Title: Princess in Love
Author: Meg Cabot
Series: The Princess Diaries #3
Rating Out of 5: 5 (I will read this again and again and again)
My Bookshelves: Chic lit, Easy reading
Publisher: Harper Teen
5th sentence, 74th page: Use transitive verbs to create brief, vigorous sentences.
Princess Mia may seem like the luckiest girl ever.
But the truth is, Mia spends all her time doing one of three things: preparing for her nerve-racking entree into Genovian society, slogging through the congestion unique to Manhattan in December, and avoiding further smooches from her hapless boyfriend, Kenny.
For Mia, being a princess in love is not the fairy tale it’s supposed to be… or is it?
Yet again, Cabot manages to make this a fun, smiley, cute story. It’s a great, easy read that had me giggling and smiling throughout. Something that helps to bring a little light into the days when I feel slightly down and just need an easy, happy pick me up.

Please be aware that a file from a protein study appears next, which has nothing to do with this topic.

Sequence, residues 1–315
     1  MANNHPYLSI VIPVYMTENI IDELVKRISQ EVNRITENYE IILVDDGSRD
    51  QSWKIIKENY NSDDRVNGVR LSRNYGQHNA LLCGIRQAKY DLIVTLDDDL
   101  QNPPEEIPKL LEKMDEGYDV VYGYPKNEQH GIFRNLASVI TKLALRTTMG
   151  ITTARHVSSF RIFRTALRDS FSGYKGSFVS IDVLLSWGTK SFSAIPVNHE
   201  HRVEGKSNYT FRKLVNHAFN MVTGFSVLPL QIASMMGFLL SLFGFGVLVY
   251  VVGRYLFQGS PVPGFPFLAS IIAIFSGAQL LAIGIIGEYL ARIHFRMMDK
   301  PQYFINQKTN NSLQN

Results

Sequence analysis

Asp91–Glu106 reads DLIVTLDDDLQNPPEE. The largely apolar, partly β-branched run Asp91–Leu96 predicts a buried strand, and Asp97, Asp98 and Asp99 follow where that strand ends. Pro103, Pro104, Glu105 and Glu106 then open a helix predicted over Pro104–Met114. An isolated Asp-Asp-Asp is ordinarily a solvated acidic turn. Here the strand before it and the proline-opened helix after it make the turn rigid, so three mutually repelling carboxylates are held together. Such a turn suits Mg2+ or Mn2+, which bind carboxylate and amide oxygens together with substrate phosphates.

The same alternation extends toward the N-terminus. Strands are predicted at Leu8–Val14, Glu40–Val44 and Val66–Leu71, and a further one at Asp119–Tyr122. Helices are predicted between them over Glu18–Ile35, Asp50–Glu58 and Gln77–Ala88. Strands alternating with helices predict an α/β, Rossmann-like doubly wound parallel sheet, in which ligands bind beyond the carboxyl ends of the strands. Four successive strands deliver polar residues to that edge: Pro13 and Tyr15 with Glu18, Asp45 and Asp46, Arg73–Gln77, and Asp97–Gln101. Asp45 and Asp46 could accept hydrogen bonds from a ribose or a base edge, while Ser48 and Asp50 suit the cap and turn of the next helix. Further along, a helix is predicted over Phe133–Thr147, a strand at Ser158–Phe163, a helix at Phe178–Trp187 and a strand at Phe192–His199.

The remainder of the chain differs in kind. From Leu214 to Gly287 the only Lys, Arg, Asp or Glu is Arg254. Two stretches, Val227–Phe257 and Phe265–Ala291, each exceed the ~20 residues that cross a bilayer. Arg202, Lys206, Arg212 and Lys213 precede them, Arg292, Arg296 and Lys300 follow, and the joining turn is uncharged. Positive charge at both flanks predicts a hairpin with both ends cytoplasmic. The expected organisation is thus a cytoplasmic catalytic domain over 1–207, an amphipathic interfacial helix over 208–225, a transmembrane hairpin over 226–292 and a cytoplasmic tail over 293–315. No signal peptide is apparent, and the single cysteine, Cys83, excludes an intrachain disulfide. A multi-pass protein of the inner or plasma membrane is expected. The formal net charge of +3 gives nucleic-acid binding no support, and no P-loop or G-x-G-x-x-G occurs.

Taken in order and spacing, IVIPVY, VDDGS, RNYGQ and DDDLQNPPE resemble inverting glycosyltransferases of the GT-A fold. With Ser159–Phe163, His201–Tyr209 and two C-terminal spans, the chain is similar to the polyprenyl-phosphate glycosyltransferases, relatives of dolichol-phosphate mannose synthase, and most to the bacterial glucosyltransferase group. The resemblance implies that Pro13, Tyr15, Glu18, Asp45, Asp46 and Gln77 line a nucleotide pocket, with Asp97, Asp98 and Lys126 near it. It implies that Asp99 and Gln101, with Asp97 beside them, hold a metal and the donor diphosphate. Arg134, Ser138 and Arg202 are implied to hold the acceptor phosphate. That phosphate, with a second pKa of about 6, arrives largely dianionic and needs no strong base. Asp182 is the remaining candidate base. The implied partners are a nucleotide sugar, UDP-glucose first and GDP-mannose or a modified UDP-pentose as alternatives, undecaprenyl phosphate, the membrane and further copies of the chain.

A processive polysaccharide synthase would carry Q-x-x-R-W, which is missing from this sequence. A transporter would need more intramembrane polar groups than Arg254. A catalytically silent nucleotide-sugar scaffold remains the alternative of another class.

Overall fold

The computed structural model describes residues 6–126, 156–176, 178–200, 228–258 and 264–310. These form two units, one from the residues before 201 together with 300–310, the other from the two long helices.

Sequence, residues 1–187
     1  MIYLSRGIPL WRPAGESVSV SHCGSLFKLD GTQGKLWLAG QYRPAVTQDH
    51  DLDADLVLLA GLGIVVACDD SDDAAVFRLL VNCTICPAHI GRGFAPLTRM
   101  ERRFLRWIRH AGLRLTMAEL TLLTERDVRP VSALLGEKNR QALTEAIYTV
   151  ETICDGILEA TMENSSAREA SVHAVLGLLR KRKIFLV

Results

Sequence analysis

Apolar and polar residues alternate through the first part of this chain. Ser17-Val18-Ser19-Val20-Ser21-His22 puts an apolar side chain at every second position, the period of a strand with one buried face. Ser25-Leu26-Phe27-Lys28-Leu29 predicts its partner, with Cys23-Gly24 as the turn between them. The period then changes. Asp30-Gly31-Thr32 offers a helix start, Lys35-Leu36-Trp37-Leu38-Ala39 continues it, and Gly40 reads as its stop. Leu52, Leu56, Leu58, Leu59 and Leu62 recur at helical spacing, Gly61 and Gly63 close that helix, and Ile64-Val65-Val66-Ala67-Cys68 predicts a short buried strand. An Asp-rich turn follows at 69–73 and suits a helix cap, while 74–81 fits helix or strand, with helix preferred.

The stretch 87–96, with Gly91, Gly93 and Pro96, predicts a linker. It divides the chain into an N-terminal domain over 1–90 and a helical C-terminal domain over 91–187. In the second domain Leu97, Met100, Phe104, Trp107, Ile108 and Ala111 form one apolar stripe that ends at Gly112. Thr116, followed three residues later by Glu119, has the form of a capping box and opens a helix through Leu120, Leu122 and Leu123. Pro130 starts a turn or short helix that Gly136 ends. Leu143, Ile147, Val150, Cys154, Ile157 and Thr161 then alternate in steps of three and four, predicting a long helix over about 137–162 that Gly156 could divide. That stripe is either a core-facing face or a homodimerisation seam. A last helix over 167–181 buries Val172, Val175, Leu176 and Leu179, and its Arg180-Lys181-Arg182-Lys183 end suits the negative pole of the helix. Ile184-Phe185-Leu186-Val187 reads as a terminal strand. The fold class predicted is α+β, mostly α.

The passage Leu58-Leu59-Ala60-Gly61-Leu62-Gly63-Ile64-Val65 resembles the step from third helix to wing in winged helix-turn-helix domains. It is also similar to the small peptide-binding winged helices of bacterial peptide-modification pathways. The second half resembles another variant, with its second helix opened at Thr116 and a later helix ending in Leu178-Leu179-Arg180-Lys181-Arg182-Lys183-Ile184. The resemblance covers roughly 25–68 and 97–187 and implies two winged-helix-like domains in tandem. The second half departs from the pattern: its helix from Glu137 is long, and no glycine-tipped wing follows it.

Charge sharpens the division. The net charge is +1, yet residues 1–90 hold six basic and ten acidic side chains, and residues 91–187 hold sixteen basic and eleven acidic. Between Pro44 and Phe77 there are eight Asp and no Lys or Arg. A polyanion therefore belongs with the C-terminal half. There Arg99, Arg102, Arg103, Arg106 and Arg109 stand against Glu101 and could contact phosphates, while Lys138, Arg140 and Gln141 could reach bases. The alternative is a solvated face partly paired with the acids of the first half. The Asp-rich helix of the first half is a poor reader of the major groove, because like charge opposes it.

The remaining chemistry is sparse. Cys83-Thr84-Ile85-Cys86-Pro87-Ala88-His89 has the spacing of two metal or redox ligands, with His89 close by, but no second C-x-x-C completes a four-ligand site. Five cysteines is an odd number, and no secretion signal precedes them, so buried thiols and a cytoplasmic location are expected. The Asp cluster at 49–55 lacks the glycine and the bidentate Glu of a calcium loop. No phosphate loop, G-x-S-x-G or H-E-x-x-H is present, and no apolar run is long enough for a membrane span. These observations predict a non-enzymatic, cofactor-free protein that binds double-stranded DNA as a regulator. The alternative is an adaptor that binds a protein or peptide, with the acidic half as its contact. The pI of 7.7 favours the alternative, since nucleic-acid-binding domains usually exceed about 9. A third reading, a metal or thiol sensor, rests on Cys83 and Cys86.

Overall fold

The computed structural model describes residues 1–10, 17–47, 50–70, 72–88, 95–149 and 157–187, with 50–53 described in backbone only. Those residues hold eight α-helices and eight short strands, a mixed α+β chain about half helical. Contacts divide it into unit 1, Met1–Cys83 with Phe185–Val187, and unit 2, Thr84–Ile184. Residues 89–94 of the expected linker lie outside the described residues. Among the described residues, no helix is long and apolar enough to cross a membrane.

In Princess in Love, it feels like Mia finally begins to recognise who she is as a person (or at least, she does towards the end). Yes, she’s still heavily influenced by basically everything around her (like every other teenager), but she’s starting to recognise her own strengths and abilities. After all, she’s only supposed to be fourteen, so I completely understand why she’s a little scattered… I know what I was like at fourteen after all. And I didn’t have to deal with any politics!
I completely understand Mia’s confusion about what to do with Kenny. I remember (ironically when I was about fourteen) a friend asking me out in front of everyone. I said yes out of embarrassment, and then couldn’t figure out how to get out of the predicament I had found myself in. It took me twenty-four hours, for Mia, it was a lot longer, but I completely recognised the internal monologue. Which, I think is why this is such a popular series – after all, even ten years after my own confused adolescence, I could completely relate to what was happening.
Mia’s passion for conservation and saving animals is still slightly twisted towards that teenage naivety (again, see fourteen-year-old me, and my sister…). But, there’s so much potential for her to develop this passion. I love that it brings to light some of the animal rights needs and arguments that were around then and now.
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